Solzhenitsyn Dies at 89; David Remnick Reflects

Alek­san­dr Solzhen­it­syn, who chron­i­cled the abus­es of the Sovi­et regime and gained world­wide fame with A Day in the Life of Ivan Deniso­vich, has died at 89. (Get the New York Times obit here.) Once asked what Solzhen­it­syn means to lit­er­a­ture and the his­to­ry of Rus­sia, David Rem­nick, the edi­tor of The New York­er, had this to stay: “It’s impos­si­ble to imag­ine a writer whose affect on a soci­ety has been greater than Alek­san­dr Solzhen­it­syn’s affect on the fate of Rus­sia  …” In the video post­ed below, Rem­nick elab­o­rates on Solzhen­it­syn’s con­tri­bu­tions, and it’s worth remem­ber­ing that Rem­nick won a Pulitzer dur­ing the 90s for his best­seller, Lenin’s Tomb.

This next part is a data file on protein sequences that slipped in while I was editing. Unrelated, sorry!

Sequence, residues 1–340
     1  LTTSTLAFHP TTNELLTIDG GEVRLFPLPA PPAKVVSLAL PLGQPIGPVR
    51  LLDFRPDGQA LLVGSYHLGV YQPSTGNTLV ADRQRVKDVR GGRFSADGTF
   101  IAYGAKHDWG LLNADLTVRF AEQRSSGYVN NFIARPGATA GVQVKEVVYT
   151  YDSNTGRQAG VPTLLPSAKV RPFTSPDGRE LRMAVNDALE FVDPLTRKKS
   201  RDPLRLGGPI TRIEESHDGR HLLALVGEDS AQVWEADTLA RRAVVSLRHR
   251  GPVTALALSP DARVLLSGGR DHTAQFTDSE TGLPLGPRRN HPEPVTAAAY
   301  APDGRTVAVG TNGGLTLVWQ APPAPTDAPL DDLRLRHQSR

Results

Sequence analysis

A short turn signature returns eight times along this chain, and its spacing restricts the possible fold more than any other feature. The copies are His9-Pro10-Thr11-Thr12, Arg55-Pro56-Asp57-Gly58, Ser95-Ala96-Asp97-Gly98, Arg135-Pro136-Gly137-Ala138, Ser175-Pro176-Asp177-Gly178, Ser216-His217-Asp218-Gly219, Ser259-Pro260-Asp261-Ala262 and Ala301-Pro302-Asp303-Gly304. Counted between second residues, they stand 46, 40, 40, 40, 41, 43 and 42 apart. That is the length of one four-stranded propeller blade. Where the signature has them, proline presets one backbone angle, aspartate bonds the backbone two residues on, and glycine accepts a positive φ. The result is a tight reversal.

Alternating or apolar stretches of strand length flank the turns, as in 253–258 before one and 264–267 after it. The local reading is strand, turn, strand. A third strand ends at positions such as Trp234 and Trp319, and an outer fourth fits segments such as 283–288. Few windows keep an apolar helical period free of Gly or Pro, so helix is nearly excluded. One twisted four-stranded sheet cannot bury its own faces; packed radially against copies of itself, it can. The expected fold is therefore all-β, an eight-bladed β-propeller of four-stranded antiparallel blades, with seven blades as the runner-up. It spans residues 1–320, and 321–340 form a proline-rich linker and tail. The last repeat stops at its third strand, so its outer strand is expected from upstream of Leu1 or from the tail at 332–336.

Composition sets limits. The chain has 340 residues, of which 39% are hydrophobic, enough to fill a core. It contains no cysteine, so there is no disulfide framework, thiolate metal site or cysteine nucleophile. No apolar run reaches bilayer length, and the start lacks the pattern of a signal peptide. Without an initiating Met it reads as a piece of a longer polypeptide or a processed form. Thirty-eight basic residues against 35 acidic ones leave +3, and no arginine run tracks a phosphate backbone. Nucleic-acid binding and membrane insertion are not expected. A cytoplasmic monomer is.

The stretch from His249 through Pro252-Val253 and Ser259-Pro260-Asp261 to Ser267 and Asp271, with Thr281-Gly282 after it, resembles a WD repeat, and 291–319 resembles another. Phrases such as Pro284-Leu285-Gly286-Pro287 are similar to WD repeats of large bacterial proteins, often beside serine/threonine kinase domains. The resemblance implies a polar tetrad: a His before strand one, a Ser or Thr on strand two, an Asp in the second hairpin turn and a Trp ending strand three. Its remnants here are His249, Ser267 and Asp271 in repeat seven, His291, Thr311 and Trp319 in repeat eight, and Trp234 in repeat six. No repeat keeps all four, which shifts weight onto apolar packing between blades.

(Note: you can read the lec­ture Solzhen­it­syn gave upon receiv­ing the Nobel Prize in 1970 here, and lis­ten to his 1978 Har­vard grad­u­a­tion speech here.)

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